The statement followed comments from health secretary Patricia Hewitt that GPs should share practice profits with their staff (GP, 5 May).
NHS Employers said the 2.5 per cent award applied to staff, including administrators equivalent to practice managers and receptionists, who were not covered by a similar rise for nurses announced in March.
Alastair Henderson, deputy director of NHS Employers, said: 'This should enable the new rates to be paid to staff in their June pay packages.'
When asked whether practices would receive global sum increases to pay the awards, a DoH spokesman said: 'Agenda for Change is voluntary in general practice.
'However, the expectation is that practices will ensure the employment standards comply with good human resources practice, in line with AfC principles, as set out in the new GMS contract.'
A spokeswoman for NHS Employers was unable to say whether there would be any retrospective increase to 2006/7 global sums to cover the AfC award.
However, GPC chairman Dr Hamish Meldrum said primary care organisations had not included any extra funding for AfC increases in global sums.
'We have always said GPs have to be aware of AfC but they are not under any obligation to pay it,' he said.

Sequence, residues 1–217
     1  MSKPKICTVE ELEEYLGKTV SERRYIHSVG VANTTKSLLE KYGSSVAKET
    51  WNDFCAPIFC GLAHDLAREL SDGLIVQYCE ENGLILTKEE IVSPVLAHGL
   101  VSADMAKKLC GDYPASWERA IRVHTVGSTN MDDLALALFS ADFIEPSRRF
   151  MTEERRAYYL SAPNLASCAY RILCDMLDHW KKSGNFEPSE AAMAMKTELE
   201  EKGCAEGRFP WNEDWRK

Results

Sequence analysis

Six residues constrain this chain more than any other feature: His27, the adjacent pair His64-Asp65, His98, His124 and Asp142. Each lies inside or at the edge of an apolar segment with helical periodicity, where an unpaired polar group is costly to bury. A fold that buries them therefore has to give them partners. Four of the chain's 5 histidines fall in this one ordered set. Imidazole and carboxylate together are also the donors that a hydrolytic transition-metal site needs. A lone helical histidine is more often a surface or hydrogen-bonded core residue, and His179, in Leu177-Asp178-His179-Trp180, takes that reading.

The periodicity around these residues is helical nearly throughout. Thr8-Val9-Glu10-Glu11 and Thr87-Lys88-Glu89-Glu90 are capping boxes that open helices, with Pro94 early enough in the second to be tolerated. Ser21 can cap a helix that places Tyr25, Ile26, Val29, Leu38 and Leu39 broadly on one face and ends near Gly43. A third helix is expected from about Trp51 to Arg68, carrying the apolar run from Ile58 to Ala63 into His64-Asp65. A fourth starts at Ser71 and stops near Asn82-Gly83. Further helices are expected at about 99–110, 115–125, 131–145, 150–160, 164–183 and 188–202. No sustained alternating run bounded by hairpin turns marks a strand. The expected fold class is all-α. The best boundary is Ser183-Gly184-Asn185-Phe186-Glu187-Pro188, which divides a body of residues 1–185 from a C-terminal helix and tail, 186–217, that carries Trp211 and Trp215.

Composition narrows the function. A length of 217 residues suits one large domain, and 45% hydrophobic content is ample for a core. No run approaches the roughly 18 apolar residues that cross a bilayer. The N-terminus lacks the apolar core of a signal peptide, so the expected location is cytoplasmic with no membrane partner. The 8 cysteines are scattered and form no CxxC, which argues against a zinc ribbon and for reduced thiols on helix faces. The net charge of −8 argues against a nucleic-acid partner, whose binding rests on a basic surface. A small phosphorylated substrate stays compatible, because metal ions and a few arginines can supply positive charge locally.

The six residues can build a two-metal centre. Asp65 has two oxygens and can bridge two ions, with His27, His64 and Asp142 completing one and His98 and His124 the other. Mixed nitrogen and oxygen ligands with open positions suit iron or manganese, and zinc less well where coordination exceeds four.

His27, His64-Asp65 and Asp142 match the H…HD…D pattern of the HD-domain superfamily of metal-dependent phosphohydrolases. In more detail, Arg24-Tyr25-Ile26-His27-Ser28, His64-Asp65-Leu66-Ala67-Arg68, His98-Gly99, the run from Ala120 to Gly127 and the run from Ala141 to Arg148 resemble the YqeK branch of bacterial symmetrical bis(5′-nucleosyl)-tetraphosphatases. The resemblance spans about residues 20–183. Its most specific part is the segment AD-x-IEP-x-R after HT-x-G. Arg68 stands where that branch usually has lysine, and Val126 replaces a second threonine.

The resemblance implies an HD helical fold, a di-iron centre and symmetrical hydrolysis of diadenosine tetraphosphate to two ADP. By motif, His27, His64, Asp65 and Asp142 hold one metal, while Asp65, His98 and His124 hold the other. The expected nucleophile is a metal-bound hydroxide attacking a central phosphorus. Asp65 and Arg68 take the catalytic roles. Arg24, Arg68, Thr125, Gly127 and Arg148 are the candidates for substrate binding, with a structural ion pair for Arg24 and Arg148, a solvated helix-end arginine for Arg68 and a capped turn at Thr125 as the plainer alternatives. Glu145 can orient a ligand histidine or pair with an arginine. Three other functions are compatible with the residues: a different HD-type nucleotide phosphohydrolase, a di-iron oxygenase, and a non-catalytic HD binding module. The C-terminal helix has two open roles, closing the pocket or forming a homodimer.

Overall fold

'The GPC does not tell GPs how or what to pay their staff it just makes them aware of the current situation.'
Dr Meldrum referred GPs to the BMA's Focus on Agenda for Change and Practice Staff.
This states two exceptions to the general rule that practices are not obliged to pay AfC rates.
The first is where a PMS practice has previously agreed to this and the second is where a staff member's contract specifically states that they will receive AfC rates.
It adds: 'In addition, if the contract says that the member of staff will be paid according to national terms and conditions, then this may be regarded implicitly as referring to AfC if it is accepted that AfC is recognisable as the national terms and conditions.'
The GPC guidance also says: 'Practices may still choose to use the Agenda for Change guidelines (after consultation with their staff) particularly when deciding on staff pay rises, as a recruitment and retention tool and/or to motivate staff.'